Psalm 8:1-9

For the director of music. According to gittith. A psalm of David.

O Lord, our Lord,

how majestic is your name in all the earth!

You have set your glory

above the heavens.

[2] From the lips of children and infants

you have ordained praise

because of your enemies,

to silence the foe and the avenger.

[3] When I consider your heavens,

the work of your fingers,

the moon and the stars,

which you have set in place,

[4] what is man that you are mindful of him,

the son of man that you care for him?

[5] You made him a little lower than the heavenly beings

and crowned him with glory and honor.

[6] You made him ruler over the works of your hands;

you put everything under his feet:

[7] all flocks and herds,

and the beasts of the field,

[8] the birds of the air,

and the fish of the sea,

all that swim the paths of the seas.

[9] O Lord, our Lord,

how majestic is your name in all the earth!

I learned from these two children a bit more of what Jesus meant when he called us to become like little children.  I was reminded that gratitude and praise should just be normal conversation; that often talking about God’s truly awesome attributes (as shown by Jesus ) is all that needs to be said; that when we think about what is true, noble, right lovely, admirable, excellent and praiseworthy (Philip. 4:8) joy exudes from within; and  that singing and praying is what comes out of a heart in tune to God’s love.  Thanks Lexi and Micah for reminding me of the power of gratitude and praise. Try it and see if it doesn’t help point you in a good and right direction.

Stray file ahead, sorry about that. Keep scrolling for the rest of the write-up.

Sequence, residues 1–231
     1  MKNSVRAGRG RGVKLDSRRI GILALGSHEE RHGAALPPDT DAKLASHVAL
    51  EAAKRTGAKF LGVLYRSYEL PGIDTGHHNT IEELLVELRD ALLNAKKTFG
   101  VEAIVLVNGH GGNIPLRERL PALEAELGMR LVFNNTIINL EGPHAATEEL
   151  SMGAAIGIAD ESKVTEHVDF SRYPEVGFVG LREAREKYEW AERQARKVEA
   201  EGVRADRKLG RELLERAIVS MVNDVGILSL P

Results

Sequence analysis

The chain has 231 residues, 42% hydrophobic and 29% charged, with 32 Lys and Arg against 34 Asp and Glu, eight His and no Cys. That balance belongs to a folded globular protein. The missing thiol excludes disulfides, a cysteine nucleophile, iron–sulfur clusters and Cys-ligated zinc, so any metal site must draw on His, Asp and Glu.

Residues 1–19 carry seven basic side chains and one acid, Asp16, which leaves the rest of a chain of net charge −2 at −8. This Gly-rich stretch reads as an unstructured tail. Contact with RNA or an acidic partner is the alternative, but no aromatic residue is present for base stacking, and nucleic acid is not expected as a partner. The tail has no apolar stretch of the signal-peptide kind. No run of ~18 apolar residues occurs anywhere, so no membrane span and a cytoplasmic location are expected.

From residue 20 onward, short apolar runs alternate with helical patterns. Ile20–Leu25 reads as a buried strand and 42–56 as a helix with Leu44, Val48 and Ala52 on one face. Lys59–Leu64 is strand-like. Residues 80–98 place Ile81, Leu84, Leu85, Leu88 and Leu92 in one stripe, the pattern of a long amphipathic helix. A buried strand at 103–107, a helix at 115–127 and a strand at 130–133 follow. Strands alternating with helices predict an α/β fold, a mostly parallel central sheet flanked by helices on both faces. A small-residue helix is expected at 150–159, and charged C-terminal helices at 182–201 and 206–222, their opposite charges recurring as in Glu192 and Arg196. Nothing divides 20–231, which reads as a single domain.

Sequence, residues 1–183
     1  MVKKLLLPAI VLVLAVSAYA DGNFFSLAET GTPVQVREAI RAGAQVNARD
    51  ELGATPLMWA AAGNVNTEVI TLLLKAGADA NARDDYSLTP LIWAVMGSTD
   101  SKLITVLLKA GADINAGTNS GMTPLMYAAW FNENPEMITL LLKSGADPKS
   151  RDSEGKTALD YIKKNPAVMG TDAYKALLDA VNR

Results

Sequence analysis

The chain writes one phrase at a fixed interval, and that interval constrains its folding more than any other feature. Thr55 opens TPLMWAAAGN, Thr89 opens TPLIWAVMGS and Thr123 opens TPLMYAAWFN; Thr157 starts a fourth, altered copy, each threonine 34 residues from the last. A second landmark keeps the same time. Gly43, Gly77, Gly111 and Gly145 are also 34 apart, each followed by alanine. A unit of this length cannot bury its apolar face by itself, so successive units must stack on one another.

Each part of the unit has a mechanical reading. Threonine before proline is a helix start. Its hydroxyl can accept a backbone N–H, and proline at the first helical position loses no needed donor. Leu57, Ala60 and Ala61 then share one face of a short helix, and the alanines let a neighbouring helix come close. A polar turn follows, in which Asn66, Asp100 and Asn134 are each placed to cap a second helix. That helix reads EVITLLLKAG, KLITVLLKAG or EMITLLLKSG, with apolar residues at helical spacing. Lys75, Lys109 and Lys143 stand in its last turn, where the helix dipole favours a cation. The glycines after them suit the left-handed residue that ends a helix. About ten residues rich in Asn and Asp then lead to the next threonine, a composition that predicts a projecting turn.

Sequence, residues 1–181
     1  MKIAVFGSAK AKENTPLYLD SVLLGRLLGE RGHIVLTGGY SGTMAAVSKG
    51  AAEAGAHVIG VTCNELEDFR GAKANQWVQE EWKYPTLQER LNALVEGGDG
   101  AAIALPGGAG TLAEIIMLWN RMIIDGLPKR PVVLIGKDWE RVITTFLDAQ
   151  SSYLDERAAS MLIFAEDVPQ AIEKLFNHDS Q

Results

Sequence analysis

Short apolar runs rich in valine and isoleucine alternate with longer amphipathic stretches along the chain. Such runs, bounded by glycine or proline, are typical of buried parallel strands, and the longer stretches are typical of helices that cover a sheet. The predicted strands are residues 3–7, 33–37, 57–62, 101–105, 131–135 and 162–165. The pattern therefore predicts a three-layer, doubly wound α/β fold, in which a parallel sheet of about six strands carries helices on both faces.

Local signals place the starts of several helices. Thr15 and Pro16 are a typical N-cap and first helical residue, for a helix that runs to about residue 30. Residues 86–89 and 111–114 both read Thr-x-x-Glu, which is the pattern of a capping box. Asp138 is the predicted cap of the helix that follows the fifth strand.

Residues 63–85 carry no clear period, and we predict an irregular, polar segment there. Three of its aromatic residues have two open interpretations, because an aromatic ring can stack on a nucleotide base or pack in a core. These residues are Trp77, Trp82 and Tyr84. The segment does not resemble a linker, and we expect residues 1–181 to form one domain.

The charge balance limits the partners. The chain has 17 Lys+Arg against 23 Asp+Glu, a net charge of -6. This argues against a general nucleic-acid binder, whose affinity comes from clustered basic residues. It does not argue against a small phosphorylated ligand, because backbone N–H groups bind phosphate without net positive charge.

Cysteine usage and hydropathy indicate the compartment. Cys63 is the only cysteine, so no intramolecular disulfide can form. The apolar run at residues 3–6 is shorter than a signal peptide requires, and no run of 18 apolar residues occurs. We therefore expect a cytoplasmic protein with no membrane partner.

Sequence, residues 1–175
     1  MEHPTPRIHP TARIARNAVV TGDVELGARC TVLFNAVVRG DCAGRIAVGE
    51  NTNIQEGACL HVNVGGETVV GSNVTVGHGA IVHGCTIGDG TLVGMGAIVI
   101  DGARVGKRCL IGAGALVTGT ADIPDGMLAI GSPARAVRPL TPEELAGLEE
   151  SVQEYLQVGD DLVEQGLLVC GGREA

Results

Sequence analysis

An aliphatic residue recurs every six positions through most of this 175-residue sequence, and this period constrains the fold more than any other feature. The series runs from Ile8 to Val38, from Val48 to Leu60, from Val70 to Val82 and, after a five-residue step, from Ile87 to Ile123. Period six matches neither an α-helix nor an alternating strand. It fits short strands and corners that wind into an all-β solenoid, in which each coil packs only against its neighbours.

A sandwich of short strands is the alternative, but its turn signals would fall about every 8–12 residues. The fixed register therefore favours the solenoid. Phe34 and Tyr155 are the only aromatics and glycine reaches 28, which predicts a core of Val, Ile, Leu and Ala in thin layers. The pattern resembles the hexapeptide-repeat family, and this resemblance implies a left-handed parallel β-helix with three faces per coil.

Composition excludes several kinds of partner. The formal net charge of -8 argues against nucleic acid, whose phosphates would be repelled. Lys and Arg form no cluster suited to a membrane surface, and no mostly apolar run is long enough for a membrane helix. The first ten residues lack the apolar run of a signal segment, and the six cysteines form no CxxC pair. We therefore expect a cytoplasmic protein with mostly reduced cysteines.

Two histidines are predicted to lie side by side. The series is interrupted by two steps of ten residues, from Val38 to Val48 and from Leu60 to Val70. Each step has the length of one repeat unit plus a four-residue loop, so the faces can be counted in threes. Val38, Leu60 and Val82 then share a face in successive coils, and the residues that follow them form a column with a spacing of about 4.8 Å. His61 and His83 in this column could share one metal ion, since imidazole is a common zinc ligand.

Coming Soon

Where does time go?  It seems I’ve not visited this site in a while.   After spending the last week in Kiev, Ukraine and Munich, Germany and meeting with numerous people and doing elder/elder’s wife training classes, it’s good to be home. However,  I left those cities having gained new friendships and deepened love for my brothers and sisters in the churches – and look forward to return visits.

As always, there seems to be a plethora of unfinished work waiting at home.  I’ve also recently been devoting my late night “writing times” to a little side project – a children’s book (thus, the lack of blog attention.)   Hopefully, this book will be ready for publication by the end of this week.  My goal is to have the book in my hands by July 1, and in the hands of children shortly after that.

For several years “Fruity Tunes” (that would be me) and her fruity friends have spent time teaching and entertaining young children.  During these shows children help the fruits chase away the dreaded “Rotten Apple”.  The fruits and “Tippety Teapot” use songs and Bible verses to  keep Rotten Apple from stealing their love, joy, peace and patience.  They also see him change right before their eyes.  This new book is a take on this story.  Two scriptures serve as its underlying theme: